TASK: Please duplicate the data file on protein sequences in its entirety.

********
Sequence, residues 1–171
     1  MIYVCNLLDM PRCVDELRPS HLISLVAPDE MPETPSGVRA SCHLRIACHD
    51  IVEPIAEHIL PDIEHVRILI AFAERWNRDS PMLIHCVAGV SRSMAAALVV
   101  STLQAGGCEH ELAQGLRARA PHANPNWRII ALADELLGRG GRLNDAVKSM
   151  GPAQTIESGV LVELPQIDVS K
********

Sequence, residues 1–171
     1  MIYVCNLLDM PRCVDELRPS HLISLVAPDE MPETPSGVRA SCHLRIACHD
    51  IVEPIAEHIL PDIEHVRILI AFAERWNRDS PMLIHCVAGV SRSMAAALVV
   101  STLQAGGCEH ELAQGLRARA PHANPNWRII ALADELLGRG GRLNDAVKSM
   151  GPAQTIESGV LVELPQIDVS K